Mar 10, 2016 · 5 minutes

In February, I wondered why Whole Foods hadn’t yet taken out the major players in the meal kit business, either through acquisition, partnership or launching its own competitor.

After all, I mused, Whole Foods is desperately looking for new ways to grow, it already makes meal kits and prepared foods in house and already has a delivery arm in Instacart. The advantage of having thousands of grocery items in house means it doesn’t have the frustrations most of these services have. Things like sourcing and risk of inventory, that force Blue Apron, Plated and the like to bind consumers in strict plan-way-ahead subscriptions with little meal flexibility or control.

These companies are almost onto something huge here. But I feel like ten years from now, we will marvel that we thought a $2 billion company could be built by not giving anyone any choice in what they are cooking for dinner and forcing them to commit to making it a week or so ahead of schedule. This, in the golden age of the magical I WANT IT NOW! on demand economy.

Answer number one of my question came from Gerry Hays, an entrepreneur in middle America who has already built one company selling into thousands of grocery store deli counters and has spent years developing something exactly like this for regional grocery chains, which is rolling out in several stores in the next month.

Answer number two came this week with news that Whole Foods and Instacart were deepening their relationship through a strategic investment and expansion of markets where Instacart delivers for Whole Foods. There was even some intimation that Instacart may start to get some exclusivity for parts of Whole Foods delivery business.

But that’s not all. From TechCrunch’s write up:

The company says it will be working with Whole Foods to co-develop new e-commerce and delivery solutions that will be piloted this year.

I think we know what those will be: Meal kits and prepared foods. And it may be an even greater body blow for Munchery than Blue Apron. The thing I like about Munchery over Blue Apron is that it can be delivered on demand and you can pick between a meal kit or prepared food. But while it gives the consumer total control over dinner the selection of food is painfully limited. Someone gave me a $250 Munchery gift certificate after I had pneumonia last year, and it was a God send. It’s my go to bereavement/hope you feel better/congrats on the new baby gift. And yet, I haven’t ordered Munchery once since because I tried everything they had at least once.

I mean, one of the staples on Munchery is a whole roasted chicken. One of the staples for Whole Foods is whole rotisserie chicken. Instacart can deliver it. We’re talking about a matter of front end design and marketing for the two to compete directly for my don’t-want-to-leave-the-house, Chicken needs.

How do we know these are the “experiments” they have in mind? Well, Whole Foods’ co-CEO Walter Robb said this a few months ago:

"You’re going to see an explosion in food service and prepared foods and beverages, an explosion of choices for those who don’t want to cook. And they’ll be able to get it on-demand. Ultimately [customers] are looking to the food store not just for food that they can cook but for food they can eat right now."

And should we think Whole Foods will be serious about these experiments? Also from TechCrunch:

It’s also worth noting that the grocery delivery service has had a significant impact on Whole Foods’ bottom line. According to the companies, Whole Foods stores with dedicated shoppers are seeing growing Instacart sales – on average, this can be in the 5 to 10 percent range of their total store sales. And in some stores, Instacart accounts for as much as 15 percent of in-store sales.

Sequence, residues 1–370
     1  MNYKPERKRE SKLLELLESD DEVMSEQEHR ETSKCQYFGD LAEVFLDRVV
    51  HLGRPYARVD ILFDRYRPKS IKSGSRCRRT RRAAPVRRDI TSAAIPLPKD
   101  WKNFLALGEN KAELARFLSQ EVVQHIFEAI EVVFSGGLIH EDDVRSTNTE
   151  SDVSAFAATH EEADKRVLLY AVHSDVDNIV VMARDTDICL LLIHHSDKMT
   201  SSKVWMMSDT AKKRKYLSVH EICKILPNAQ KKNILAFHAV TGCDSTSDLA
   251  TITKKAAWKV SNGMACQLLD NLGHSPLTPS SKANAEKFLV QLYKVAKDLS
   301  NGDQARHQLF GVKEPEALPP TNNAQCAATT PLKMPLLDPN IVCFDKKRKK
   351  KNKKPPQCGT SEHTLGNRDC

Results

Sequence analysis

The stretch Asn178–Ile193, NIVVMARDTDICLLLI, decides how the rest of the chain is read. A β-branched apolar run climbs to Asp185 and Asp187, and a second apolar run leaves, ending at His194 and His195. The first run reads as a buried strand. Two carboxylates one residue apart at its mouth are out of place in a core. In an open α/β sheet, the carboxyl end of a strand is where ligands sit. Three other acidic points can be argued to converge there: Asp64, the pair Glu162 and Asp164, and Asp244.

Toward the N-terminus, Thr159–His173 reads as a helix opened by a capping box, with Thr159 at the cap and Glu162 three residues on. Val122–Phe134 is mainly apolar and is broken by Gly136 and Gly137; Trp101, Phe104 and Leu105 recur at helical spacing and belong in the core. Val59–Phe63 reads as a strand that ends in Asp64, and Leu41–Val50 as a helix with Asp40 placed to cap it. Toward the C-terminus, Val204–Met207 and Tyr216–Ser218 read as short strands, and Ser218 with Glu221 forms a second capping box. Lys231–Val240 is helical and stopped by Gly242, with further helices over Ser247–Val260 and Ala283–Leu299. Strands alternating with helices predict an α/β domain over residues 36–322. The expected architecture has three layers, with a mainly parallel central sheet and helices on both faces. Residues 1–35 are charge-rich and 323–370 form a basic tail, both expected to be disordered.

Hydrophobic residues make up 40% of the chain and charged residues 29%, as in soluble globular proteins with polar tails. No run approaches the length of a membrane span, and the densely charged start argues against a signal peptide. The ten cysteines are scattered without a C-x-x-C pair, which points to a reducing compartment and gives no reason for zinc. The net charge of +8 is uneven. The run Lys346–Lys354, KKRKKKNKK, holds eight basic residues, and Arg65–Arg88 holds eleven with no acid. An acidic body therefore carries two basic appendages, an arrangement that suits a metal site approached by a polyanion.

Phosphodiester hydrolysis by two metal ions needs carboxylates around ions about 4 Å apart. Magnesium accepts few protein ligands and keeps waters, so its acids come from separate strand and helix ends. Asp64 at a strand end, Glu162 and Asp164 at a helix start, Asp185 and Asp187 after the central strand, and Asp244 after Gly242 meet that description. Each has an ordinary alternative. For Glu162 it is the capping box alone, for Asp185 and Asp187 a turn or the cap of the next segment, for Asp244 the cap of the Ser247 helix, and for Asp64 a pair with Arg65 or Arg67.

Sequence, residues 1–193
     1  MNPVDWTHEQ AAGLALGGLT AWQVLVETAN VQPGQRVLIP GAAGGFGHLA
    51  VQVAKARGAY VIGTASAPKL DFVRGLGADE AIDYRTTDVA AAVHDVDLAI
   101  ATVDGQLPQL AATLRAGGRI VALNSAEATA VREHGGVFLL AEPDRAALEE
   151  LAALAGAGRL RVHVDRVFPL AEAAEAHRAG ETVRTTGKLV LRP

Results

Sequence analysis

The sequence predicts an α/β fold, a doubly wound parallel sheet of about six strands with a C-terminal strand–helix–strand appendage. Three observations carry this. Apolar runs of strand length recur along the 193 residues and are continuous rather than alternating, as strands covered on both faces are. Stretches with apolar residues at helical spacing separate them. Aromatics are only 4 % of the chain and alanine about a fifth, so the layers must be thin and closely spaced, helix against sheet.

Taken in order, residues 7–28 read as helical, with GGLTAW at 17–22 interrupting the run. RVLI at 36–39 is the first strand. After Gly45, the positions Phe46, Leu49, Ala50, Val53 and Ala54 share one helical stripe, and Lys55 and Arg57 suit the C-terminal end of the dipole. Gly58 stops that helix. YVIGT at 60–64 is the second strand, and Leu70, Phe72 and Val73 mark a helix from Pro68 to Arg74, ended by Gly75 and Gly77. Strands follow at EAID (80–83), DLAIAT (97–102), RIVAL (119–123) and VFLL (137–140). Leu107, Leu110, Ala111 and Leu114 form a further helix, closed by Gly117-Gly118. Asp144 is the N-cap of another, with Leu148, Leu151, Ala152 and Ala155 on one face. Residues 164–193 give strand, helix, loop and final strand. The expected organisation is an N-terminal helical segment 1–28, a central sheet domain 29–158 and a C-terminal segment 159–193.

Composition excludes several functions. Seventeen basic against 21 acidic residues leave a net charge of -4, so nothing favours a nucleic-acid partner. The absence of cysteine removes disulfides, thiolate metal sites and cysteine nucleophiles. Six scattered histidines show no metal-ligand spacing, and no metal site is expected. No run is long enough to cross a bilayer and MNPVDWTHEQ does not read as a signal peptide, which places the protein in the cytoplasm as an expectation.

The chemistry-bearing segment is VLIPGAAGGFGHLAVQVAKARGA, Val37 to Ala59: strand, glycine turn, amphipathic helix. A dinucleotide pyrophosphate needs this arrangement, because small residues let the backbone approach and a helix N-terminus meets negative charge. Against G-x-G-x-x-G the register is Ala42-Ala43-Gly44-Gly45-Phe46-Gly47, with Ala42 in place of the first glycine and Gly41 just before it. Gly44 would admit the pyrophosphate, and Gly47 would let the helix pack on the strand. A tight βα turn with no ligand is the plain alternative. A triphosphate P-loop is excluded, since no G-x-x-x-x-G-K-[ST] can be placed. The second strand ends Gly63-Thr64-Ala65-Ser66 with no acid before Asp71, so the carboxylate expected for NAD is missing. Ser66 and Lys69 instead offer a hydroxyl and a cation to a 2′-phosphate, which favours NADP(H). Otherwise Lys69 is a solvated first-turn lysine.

Yep. It’s fucking on, Blue Apron and Munchery et al.

Whole Foods has been reeling from chains like Safeway and Kroger getting more into organics. More than the actual increased revenues perhaps, it needs a story for Wall Street on how it will continue to differentiate: Its stock fell some 30% in the last year. This not only plays into Whole Food’s strengths of better prepared food than the average grocery chains, but it could help expand its customer base more from singles to families.

As Gerry Hays noted when we were talking about his company, DinnerCall, when you go to Whole Foods in the evenings you don’t see families. You see singles and couples. Families either figured dinner out already or are getting take-out and fast food.

Blue Apron’s rigidity and lock in may give it time. But long term, if Whole Foods does this on the urban side and Hays’ DinnerCall succeeds with its target of suburban families, these dozen or so meal kit companies become niche businesses that are more about teaching you to cook than they are solving a nightly dinner problem. A market that already seemed limited and with huge churn will shrink. It’s worth noting that Blue Apron-- the sole unicorn in the space-- was among the recent Fidelity write downs.

The interesting thing to watch will be the cost. DinnerCall is committed to competing with fast food, and that’s why its approach is all software that leverages existing deli counter staff. It can’t put people in stores and sustainable deliver low prices. Instacart and Whole Foods will almost certainly take a different approach. And Whole Foods isn’t known for low prices. But this space is so crowded, it’ll have to if it wants to become a regular habit for people.

But, hey, this doomsday scenario for the startups relies on large food chains getting this right. That’s a big if. Safeway did with delivery. I order from them every week, and I actually like the service better than when I’ve used Instacart. But that’s the exception in the tech world, not the rule. At least there’s fair warning now that Whole Foods not only should be going after this market, but it absolutely is.